While Giovanni Andrea’s first teacher (after his father Orazio) was Bernardo Castello, it was his subsequent studies with Strozzi that so pervasively informed his style, so much so in fact that his paintings (and to a lesser extent his drawings) are often still confused with those of Strozzi. Giovanni’s Andrea’s style can often be distinguished from Strozzi’s by his thinner application of paint, notably tapered hands and tightly rolled drapery sleeves.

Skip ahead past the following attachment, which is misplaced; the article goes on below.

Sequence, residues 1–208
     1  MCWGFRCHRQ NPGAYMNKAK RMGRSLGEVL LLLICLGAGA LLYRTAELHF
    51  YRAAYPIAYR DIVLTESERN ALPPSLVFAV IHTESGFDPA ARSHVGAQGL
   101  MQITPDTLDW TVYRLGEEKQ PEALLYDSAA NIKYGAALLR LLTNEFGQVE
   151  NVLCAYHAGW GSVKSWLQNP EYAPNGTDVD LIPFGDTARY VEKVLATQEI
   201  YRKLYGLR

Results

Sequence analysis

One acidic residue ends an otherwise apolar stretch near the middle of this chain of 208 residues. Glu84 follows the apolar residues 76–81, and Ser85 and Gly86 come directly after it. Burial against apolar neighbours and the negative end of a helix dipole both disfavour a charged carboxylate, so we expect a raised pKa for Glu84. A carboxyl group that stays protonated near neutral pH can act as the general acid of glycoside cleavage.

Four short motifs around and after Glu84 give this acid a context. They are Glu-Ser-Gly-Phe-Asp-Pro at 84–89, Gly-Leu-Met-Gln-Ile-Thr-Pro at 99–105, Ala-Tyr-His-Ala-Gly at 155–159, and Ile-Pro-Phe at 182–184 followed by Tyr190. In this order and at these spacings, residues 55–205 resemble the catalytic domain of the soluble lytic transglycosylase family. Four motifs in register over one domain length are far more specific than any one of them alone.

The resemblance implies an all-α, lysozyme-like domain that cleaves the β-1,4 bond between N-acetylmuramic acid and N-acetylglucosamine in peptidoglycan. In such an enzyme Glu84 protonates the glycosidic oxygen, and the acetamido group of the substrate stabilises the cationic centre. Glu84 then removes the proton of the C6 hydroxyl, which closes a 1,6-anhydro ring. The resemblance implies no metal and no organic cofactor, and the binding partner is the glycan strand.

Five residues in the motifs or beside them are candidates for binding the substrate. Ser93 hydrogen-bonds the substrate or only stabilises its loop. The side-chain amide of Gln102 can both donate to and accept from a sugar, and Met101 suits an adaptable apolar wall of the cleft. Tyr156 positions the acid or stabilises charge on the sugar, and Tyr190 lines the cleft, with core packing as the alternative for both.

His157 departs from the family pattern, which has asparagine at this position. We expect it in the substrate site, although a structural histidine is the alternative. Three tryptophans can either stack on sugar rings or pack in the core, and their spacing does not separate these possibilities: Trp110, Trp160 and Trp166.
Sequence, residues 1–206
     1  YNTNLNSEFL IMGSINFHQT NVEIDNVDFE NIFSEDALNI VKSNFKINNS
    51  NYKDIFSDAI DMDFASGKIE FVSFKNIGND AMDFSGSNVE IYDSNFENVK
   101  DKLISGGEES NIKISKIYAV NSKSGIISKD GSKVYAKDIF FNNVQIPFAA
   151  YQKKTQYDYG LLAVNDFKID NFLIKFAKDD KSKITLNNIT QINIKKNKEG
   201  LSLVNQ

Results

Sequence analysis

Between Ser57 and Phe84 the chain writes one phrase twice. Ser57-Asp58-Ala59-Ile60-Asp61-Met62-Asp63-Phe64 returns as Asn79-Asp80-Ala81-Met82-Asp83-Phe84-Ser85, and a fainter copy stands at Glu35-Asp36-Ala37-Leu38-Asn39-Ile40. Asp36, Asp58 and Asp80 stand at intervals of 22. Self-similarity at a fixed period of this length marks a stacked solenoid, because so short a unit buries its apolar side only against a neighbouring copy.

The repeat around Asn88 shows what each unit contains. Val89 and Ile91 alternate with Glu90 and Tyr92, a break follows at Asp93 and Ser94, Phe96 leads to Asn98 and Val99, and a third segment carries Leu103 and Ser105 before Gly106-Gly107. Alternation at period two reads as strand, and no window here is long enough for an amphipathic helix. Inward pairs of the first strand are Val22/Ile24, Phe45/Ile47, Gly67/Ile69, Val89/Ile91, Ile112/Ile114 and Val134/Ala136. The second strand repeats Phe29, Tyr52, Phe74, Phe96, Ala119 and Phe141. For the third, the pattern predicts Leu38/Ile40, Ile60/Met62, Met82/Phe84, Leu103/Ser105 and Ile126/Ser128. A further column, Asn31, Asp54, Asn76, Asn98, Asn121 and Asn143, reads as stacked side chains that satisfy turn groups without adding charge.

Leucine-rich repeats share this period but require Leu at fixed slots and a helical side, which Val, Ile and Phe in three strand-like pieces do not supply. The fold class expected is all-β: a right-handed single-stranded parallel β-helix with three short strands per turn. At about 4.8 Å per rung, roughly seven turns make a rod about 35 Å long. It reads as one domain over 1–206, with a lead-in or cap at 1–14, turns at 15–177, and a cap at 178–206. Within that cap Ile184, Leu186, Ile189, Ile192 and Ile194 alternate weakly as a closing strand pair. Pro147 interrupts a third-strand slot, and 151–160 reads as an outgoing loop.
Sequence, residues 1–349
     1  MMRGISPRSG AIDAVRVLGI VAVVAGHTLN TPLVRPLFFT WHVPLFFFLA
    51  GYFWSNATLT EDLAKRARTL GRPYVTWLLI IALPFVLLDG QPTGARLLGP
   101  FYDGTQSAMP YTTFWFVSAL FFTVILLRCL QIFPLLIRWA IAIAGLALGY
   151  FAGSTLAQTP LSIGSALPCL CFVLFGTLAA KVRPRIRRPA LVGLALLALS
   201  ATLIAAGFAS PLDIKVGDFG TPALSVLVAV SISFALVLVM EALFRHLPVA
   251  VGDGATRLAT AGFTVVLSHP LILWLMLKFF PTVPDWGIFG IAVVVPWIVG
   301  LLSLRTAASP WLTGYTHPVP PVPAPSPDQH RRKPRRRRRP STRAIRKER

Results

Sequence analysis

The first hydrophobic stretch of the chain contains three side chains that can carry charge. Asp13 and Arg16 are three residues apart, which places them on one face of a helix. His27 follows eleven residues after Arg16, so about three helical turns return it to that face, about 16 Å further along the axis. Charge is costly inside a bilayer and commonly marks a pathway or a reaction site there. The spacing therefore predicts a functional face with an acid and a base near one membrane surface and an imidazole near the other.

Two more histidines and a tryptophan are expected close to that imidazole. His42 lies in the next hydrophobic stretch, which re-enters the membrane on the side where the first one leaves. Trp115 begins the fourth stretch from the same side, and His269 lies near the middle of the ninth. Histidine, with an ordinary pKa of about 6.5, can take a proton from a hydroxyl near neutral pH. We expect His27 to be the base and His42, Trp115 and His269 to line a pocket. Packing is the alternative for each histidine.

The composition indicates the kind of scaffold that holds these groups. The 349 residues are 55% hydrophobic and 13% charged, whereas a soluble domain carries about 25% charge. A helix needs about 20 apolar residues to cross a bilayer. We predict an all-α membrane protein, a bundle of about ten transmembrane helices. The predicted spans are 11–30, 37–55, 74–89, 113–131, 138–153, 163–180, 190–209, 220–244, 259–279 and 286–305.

Several borrowings from Strozzi are immediately apparent in the present work including Martha’s gold scarf, which is similar to that worn by the kitchen maid in La Cuoca (Genoa, Galleria di Palazzo Rosso), a painting dated by Piero Baccardo to the 1620s when Strozzi was still working in Genoa. Furthermore, in both pose and attitude, the figure of Martha recalls that of Saint Zita, in Strozzi’s slightly earlier work The Miracle of Saint Zita, (Genoa, Private Collection), dated by Anna Orlando to between 1615 and 1620. That Giovanni Andrea knew this particular work is evidenced by a pen and ink with wash study in the Uffizi after Strozzi’s painting. Finally the Magdalene’s necklace and bracelet are stylistically very similar to those worn by Strozzi’s Saint Catherine of Alexandria (Braunschweig, Herzog Anton Ulrich-Museum), which is also dated to the early 1620s. Finally, one might also mention a Penitent Magdalene in a Venetian private collection, which Luisa Mortari notes as being unusual in Strozzi’s oeuvre, but nevertheless attributes it the artist comparing the work to Strozzi’s Faith, Hope and Charity (Venice, Coll. Donà dalle Rose). In the face, hands and the handling of the hair, the former picture shares appreciable similarities with Giovanni Andrea’s Magdalene.